The number of services that Keywords offers makes the firm look more akin to a fully functional co-developer than a simple outsource service provider, and that's something with which Day doesn't disagree. In fact, one of its recent acquisitions, Sperasoft, is an already established co-development team.
"Some of our clients will buy all of their testing from Keywords, so they just buy that service line," Day explains. "Others, and increasingly so, will buy services across the lifecycle of a game. So they'll buy art, they'll buy engineering, and QA, and localisation and so on. What we're doing with co-development is still delivering those services, but putting them together in a package.
"We can deliver a complete area of a game, a bit like Sperasoft has done with Assassin's Creed Origins. Sperasoft had responsibility for all the animal behaviour within Assassin's Creed Origins. That included art, it included AI, engineering and so on. Obviously, if they had been part of the Keywords family at the time, they could have possibly added audio, QA and all the other elements. So we see that a logical evolution. It's not new services as such; it's just a way of delivering our services in a different configuration."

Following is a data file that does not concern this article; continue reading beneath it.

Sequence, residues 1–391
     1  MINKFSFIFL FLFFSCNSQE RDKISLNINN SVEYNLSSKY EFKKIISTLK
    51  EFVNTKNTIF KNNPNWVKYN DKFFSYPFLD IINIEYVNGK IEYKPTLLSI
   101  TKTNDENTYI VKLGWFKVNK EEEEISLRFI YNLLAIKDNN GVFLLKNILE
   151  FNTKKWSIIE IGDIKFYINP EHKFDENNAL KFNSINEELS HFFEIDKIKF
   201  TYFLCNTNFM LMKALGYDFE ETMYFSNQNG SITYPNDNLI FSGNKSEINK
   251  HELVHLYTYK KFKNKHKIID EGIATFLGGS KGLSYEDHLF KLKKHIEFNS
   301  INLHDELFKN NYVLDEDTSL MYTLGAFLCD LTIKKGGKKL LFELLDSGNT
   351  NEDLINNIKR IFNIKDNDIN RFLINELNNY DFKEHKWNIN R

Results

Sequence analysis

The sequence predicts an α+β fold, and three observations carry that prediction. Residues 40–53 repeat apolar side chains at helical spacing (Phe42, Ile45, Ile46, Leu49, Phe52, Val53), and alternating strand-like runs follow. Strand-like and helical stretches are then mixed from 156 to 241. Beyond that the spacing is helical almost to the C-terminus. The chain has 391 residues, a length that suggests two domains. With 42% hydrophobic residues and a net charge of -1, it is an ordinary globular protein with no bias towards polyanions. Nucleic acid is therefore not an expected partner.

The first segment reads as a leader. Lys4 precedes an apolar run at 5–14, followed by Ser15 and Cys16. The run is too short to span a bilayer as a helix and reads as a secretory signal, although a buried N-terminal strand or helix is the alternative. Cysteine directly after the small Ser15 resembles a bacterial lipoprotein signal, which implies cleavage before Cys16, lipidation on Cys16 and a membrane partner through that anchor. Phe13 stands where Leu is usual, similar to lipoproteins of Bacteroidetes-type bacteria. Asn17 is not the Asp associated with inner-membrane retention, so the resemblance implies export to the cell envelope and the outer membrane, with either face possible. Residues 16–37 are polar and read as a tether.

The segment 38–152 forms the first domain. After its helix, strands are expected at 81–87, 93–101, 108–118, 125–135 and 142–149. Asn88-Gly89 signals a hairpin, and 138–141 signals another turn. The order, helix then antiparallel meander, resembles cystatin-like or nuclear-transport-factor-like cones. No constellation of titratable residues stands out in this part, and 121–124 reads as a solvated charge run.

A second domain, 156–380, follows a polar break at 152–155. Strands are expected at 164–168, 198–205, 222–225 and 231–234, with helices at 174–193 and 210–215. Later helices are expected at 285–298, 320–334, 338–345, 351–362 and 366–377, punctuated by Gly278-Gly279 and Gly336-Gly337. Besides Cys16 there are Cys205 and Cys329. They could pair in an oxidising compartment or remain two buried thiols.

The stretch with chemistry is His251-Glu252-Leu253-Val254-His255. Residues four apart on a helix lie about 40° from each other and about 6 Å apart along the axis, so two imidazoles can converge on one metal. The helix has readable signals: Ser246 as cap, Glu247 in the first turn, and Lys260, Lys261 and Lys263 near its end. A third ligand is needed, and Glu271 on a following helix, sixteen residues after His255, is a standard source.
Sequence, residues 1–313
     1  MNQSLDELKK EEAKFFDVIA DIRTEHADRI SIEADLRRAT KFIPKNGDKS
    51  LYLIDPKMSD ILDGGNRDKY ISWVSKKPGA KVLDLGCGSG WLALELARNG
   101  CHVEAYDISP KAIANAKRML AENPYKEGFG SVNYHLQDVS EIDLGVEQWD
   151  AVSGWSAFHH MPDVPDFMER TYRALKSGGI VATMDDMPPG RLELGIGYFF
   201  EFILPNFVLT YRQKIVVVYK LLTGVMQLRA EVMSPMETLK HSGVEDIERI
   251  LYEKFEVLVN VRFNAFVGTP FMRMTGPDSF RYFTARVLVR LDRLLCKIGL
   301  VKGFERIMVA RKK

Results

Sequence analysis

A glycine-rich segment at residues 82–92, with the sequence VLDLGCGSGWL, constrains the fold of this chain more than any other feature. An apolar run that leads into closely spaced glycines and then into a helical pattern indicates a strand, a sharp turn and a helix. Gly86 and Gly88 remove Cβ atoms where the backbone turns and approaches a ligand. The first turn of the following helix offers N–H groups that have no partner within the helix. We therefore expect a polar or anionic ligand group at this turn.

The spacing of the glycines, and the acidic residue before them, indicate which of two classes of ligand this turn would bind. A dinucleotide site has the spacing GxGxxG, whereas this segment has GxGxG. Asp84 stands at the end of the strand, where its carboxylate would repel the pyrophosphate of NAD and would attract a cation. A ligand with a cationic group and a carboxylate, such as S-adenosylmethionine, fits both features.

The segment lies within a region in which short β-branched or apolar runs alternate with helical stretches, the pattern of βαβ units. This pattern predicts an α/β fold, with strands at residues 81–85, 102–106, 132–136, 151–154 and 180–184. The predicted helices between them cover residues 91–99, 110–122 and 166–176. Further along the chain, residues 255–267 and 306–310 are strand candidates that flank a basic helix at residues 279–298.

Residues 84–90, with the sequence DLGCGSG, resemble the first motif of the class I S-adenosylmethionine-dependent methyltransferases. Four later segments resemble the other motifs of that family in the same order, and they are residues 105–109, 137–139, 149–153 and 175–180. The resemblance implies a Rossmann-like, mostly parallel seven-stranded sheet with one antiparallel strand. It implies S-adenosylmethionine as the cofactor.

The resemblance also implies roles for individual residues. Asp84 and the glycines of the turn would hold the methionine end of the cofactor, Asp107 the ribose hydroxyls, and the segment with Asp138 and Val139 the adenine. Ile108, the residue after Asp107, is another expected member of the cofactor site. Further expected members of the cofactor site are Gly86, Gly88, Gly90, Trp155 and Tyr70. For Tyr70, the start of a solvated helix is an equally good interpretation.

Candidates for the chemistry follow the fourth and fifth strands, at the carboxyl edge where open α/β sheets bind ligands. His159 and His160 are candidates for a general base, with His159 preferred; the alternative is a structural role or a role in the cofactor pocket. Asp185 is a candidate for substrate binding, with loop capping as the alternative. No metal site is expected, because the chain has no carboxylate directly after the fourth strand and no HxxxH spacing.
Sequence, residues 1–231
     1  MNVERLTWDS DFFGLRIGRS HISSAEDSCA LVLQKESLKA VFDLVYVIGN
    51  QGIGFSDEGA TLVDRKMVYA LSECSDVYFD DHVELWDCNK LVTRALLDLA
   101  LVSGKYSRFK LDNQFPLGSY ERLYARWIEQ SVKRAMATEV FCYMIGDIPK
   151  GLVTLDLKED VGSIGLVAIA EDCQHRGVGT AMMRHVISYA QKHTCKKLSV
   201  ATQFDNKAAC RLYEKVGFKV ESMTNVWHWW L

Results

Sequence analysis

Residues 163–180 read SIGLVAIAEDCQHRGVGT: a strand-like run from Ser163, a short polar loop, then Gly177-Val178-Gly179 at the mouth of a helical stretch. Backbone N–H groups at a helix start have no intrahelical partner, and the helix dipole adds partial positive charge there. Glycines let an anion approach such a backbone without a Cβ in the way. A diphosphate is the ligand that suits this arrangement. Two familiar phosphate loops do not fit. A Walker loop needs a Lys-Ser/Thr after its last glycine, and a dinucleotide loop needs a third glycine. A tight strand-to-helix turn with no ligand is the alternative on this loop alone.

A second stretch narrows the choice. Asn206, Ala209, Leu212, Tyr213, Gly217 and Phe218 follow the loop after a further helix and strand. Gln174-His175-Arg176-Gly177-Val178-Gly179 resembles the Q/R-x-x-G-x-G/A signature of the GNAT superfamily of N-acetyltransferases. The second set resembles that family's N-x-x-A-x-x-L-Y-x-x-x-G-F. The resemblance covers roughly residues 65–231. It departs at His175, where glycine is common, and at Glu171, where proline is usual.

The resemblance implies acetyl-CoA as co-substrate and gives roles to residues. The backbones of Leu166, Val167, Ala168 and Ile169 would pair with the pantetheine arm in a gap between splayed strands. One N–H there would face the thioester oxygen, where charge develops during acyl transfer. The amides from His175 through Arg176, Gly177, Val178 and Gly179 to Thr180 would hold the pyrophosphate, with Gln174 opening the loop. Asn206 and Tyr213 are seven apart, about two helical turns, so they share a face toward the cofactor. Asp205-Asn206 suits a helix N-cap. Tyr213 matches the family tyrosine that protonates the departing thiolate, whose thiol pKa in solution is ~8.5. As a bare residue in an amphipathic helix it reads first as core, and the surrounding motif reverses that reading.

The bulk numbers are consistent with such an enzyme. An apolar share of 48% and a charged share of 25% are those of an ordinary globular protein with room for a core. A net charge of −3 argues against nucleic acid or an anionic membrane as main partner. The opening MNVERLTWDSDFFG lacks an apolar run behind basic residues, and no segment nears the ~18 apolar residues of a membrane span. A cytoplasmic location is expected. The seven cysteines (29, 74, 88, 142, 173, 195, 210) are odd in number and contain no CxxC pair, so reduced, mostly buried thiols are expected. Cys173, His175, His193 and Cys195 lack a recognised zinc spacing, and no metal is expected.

The rise of games-as-a-service is also accelerating the growth in outsourcing, too. Keywords notes that companies increasingly require them to do the art for a new gun, or skin, or piece of armour, add a bit of descriptive text, translate it into all available languages, test it works and then rapidly deliver it back to the developer. If the games outsourcing industry can evolve and consolidate to support these demands, then perhaps it's inevitable that games development will start to change more rapidly.
"In most industries, a publisher is there to spot the interesting, upcoming author, or movie, and to financially back it to help it get to the point where it can be released," Day concludes. "Book publishers don't own their own printing presses... and they certainly don't own authors. Through necessity, the industry has grown the way it has, but I don't think it has to stay that way. And if there are more efficient methods that could be adopted through better use of outsourcing - and I don't just mean more outsourcing, I mean better outsourcing - then perhaps we can be structured more like the automotive industry, where there's mutual dependency between supplier and client... and we're working together like one organisation.
"If you look at the industry from the far, you would say that is the logical progression."